Tag Archives: ancient world in film

Dissertation Days (14): Sometimes I Love What I Do

Today was one of those glorious day when the pieces at last started to fit together. It was a truly productive day, and I managed to finish the section of the chapter devoted to Samson and Delilah. 

finally found a coherent way of talking about the ways in which the terror and chaos of history is expressed through Samson and Delilah‘s emphasis on costume, fabric, and tactility. If you’ve ever seen the film, you can see the ways in which it expresses a very disruptive and chaotic form of desire, one that cannot be entirely contained by the conventions of narrative.

I really do think that I’m making a contribution with this line of argument, for I’m trying to work against a dominant strand of criticism that tends to see Delilah as little more than an object of the gaze, a femme fatale who is the screen onto which men project their fantasies and fears about women. To me, the period of the late 1940s and early 1950s is far too fractious and unsettled for that to be the whole story, and when you think about both the terrors of modern history and the essentially unruly nature of color as a formal element of cinema, you get a very different picture of the epic films of the period.

I didn’t get to finish my section on David and Bathsheba, alas, though I did hash out the thesis of that section so that it’s a little more clarity, so at least I accomplished that. There isn’t quite as much to do with that section as S&D, since it was always a bit clearer.

That just leaves the last section on Nero and Quo Vadis, and that is definitely going to take a couple of days to both write and make sure that it fits with the rest of what I’ve already been doing. Still, with grit and determination I know this can be done. I know it.

At the rate I’m going, I should be ready to submit this revision before the end of the month. That basically means I’ll have taken about a month and a half to make some pretty significant revisions, so I’m okay with that. Even if it needs another round, I think that the next bit won’t take as long.

Once it’s done, I’m on to Chapter 4. Onward and upward, friends.

Onward and upward.

 

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Screening History: The Rise and Fall of the Biblical Epic Part Two (1956-1960)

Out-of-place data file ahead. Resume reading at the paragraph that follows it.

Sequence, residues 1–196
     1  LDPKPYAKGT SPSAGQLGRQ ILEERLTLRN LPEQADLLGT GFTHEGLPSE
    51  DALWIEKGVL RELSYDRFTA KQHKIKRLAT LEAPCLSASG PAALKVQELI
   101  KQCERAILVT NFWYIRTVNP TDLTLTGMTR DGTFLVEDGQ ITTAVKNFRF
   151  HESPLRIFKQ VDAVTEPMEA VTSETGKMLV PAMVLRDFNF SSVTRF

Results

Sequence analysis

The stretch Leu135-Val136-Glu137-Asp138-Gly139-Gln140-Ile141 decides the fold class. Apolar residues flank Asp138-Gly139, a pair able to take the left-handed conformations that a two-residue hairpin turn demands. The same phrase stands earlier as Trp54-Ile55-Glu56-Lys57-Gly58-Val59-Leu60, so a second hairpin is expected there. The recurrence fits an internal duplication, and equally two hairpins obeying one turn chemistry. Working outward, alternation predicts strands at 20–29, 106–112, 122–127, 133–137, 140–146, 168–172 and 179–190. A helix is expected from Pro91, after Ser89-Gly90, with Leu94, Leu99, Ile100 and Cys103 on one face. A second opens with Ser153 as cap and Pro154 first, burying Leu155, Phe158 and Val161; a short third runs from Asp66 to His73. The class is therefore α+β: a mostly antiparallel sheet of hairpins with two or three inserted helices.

Welcome to the second part of my entry in this year’s Classic Movie History Project Blogathaon.  Today, I’ll be writing about what can be thought of as the apogee of the 1950s biblical epic, when the genre reached the height of its maturity with the release of such monumental films as The Ten Commandments (1956), Ben-Hur (1959), and Spartacus (1960).  

These, for the most part, are the films that one identifies as almost synonymous with the genre of the biblical epic (though, to be fair, only one of them is biblical in the truest sense, i.e. being based, however loosely, on a biblical text).  It is rather surprising that, in the almost two decades that the genre remained a fixture in Hollywood, a four year span should produce such high-ranking films that in many ways solidified, at least to some degree, the genre’s importance as a cultural product of mid-century American cinema.

And yet, perhaps it is not so surprising, considering the power of the stars and the directors in these productions, for if there were ever two stars that exemplified the traits of heroic/hegemonic masculinity, they would have to be Charlton Heston and Kirk Douglas, both of whom became almost synonymous with the image of an epic hero in the grandest, most classical sense.  Not for nothing was Heston termed an “axiom of the cinema” by the controversial French playwright Michel Mourlet. Yet while these films seemingly trumpet the advantages of traditional hegemonic and epic/heroic masculinity, they also seem to contain an awareness that the world that these men manage to save or to challenge ultimately has no place for them.  To put it another way, the heroic destiny that makes these male heroes such an essential part of their worlds also precludes their ability to be included in the world they have set out to create.  Thus, while Spartacus fights to create a world free of slavery, he ends the film as another of Crassus’ crucified victims, his body spreadeagled and on display for the edification and suppression of any others who might try to lead a similar revolt against Roman might.

Kirk Douglas' Spartacus on the cross.
Kirk Douglas’ Spartacus on the cross.

Moses, likewise, bears the brunt of the power of his unmediated access to God, his body bearing witness to the divine power that exists beyond the power of cinematic representation to bring it into the realm of the visible.  It is, rather, Moses’ countenance, particularly his hair, that shows the signs of his encounter with the divine, showing that even such a rugged man as Charlton Heston must find himself humbled before a force that cannot make itself seen, only felt.  Even an axiom, it seems, with, in Mourlet’s words, its perpetually pent-up violence, must acknowledge its own subservience in the face (or at least the presence) of the ineffable, terrifying, and wrathful God of the Old Testament.

hestonmoses1
Charlton-Heston-as-Moses-001 Top: Moses as he appears before the wrathful and vengeful Ramses in his Egyptian youth. Bottom: Moses after his encounter with the equally wrathful and vengeful Hebrew God.